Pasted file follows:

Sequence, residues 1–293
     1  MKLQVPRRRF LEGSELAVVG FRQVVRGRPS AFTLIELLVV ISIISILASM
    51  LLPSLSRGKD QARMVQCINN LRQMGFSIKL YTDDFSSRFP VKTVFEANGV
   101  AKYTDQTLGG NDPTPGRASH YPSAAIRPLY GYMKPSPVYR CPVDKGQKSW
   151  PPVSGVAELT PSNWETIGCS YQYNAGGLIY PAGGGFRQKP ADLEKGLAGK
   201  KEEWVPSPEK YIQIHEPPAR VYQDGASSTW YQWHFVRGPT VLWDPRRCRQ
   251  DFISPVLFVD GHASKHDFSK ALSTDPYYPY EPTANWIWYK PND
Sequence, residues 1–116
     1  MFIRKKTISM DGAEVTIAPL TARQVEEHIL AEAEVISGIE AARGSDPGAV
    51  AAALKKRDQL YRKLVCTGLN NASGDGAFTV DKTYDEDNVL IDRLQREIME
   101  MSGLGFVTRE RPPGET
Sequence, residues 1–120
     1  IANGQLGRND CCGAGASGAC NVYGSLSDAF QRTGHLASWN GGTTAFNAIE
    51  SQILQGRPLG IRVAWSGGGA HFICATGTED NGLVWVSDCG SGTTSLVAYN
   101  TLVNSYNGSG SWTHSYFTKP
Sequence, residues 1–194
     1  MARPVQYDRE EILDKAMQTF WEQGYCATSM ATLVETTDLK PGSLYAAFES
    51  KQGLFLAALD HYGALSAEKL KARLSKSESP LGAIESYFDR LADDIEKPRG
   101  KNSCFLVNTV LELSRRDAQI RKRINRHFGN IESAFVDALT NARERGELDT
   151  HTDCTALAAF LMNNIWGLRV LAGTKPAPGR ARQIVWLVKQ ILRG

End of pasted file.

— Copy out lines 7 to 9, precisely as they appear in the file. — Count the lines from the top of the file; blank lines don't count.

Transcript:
   251  DFISPVLFVD GHASKHDFSK ALSTDPYYPY EPTANWIWYK PND
Sequence, residues 1–116
     1  MFIRKKTISM DGAEVTIAPL TARQVEEHIL AEAEVISGIE AARGSDPGAV